Day 30: Sanderson to Langtry

Day 30: Sanderson to Langtry

i Apr 30th No Comments by


  • Rode from Sanderson, TX to Langtry, TX – 60 miles
  • Climbed a total of 1,710’
  • Maximum elevation – 3,051’
  • Burned a total 3,072 calories
  • Total time on the bike – 5 hours and 13 minutes
  • Total time on the road – 7 hours and 15 minutes
  • Average speed 11.6 mph


I feel revived again, I am alive again…you lift me up.
I feel revived again, I’m energized again…you lift me up.

Toby Mac

The Road Rider is back! I felt today like I usually do at the beginning of the ride. A little tired, but excited with energy to spare. I was able to “Kick it in” any time today. What was the difference? Why did it take 4 days of riding to get right?

After much analyzing, I have come to two conclusions – one little – one big. The little one is bananas. Never again will I eat a banana! I have not eaten any fruit since December. Knowing that I needed energy I picked up a banana each morning for the first 4 days. Without going into any details, I will conclude this section by saying Eddy Murphy has nothing on me when it comes to passing gas.

The big one was I really blew it in training. I did great until last week. Then I let it all go. No riding, horrible eating, and not enough sleep. I am sure the eating was the big one of the three, but the other two played their part. Jeri was out for the week watching Michael’s kids. Ross and Cole had Lacrosse and Baseball every night so we ate McDonalds. I tend to be a all or nothing person when I comes to eating. Had McDonalds for Dinner might as well have Oreo’s before I go to bed. Had Oreo’s last night might as well have Pig-n-the Blanket for breakfast. And so on. Well, I paid both mentally and physically.

Most healthy eating books recommend binging for one meal a week. A few even say for one day. Have not found any that say binge for a week. Now I know why. For anyone who reads this, it took over 300 miles on a bicycle in 4 days to burn off 5 days worth of unhealthy eating. While I cannot say that I will never do that again, I have much more respect for my body than I have in the past. (I did eat an apple today with no problems. But NO banana!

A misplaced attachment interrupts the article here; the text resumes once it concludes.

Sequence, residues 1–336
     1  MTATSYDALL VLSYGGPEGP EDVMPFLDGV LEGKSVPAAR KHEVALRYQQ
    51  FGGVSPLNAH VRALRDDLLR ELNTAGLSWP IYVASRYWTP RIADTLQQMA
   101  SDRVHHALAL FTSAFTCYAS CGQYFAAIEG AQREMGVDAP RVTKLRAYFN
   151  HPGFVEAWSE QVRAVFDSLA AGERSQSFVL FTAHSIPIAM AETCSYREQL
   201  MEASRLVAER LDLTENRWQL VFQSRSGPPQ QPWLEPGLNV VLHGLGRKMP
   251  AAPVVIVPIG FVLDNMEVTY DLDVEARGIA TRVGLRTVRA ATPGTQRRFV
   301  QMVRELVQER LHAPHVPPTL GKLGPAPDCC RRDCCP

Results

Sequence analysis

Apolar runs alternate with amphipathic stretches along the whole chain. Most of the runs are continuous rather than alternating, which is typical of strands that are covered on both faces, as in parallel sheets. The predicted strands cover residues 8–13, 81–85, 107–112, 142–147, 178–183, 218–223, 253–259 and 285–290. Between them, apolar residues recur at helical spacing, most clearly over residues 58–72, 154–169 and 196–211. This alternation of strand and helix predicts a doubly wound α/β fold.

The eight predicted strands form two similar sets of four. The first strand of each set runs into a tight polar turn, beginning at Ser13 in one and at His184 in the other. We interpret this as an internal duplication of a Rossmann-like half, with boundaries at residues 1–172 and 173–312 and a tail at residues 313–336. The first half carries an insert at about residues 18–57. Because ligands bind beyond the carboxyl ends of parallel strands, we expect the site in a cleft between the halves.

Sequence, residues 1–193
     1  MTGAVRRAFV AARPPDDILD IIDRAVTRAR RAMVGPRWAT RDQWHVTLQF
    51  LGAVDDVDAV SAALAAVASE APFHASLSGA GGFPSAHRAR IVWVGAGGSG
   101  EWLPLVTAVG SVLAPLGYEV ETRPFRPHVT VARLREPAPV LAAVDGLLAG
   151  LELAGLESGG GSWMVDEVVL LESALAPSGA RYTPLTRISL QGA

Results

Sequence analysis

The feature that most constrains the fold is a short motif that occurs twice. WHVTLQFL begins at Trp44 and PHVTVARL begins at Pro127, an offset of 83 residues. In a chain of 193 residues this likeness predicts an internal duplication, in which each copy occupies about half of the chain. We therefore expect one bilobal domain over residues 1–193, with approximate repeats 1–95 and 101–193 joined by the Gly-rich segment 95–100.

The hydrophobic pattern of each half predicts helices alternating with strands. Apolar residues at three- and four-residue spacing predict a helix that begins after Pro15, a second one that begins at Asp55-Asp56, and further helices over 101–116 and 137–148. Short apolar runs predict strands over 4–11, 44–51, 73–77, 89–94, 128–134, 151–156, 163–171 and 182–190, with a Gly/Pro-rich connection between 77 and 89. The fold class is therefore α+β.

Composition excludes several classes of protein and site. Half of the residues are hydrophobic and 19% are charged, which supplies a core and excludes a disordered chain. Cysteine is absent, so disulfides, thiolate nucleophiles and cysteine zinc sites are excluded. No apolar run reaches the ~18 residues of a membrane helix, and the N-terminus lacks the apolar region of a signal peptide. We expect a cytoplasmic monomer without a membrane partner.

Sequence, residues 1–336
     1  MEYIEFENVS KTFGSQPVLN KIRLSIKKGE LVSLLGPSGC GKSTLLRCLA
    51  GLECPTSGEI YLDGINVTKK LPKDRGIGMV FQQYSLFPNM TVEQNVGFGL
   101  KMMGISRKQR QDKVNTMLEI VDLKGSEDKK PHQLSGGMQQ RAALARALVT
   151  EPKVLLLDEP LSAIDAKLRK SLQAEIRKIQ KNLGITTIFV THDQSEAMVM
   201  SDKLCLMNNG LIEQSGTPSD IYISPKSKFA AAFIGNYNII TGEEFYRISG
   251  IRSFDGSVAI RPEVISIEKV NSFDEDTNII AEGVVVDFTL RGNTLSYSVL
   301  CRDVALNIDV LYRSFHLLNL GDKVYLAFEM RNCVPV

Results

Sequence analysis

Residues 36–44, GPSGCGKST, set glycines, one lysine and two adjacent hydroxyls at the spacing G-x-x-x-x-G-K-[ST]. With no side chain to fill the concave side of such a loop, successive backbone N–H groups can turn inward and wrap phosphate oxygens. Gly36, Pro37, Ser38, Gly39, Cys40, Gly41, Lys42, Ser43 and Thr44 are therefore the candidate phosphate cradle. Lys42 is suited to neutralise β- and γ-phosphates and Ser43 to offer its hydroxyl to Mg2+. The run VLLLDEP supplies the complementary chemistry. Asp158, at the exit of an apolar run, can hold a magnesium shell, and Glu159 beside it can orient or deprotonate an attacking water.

Since 1970, the annual US death toll from cancer has increasingly outpaced US population growth.

Day 29: Alpine to Sanderson

i Apr 29th No Comments by


  • Rode from Alpine, TX to Sanderson, TX – 83 miles
  • Climbed a total of 1,432’
  • Maximum elevation – 4,237’
  • Burned a total calories 4,627
  • Total time on the bike – 6 hours and 19 minutes
  • Total time on the road – 10 hours and 0 minutes
  • Average speed 13 mph

We are caught up! Two more days of 60 miles each and we are done. (And do not have to come back!) First 10 miles were tough – 12 mph head wind. We were moving along at 7 or 8 mph. The road eventually curved and we rode the rest of the day with the wind at our side – a little behind us. The other huge helper was we dropped almost 3,000’. For the last 40 miles we were going at a slight decline most of the way. It was still hot and we both finished tired.

It felt good today to ride today. No song kicked me in today. (Although I must say U2 “In the Name of Love” rivals Van Halen for kicken songs.) I was moving along at something over 20mph when I saw a Road Runner. It was pretty cool. He was fast – just like me. Made me think about the cartoon. Do you think a Christian wrote The Road Runner cartoon? Coyote makes an really good devil. He is always trying to get The Road Runner, but never can. We all know he is destined to fail. No matter what trap he sets up from Acme The Road Runner always gets away in the end. Seems like a good analogy to the devils final outcome.

Well, I do not know if a Christian inspired the cartoon, but I did make one conclusion during the hot-dry ride. I alluded to it above. The Road Runner I saw was fast – like me. I therefore am kind of like a Road Runner – fast. Henceforth-in biking circles I will be know as The Road Rider. I must have someone cartoon the Road Runner riding a bicycle. This will be my new logo. When I feel down and out, I will think of the cartoon and remember that the Road Runner always succeeds. If we meet on bicycles in the future, I would appreciate being addressed as The Road Rider. (Obviously not much going on in my head today. Especially not at a blistering 7mph.)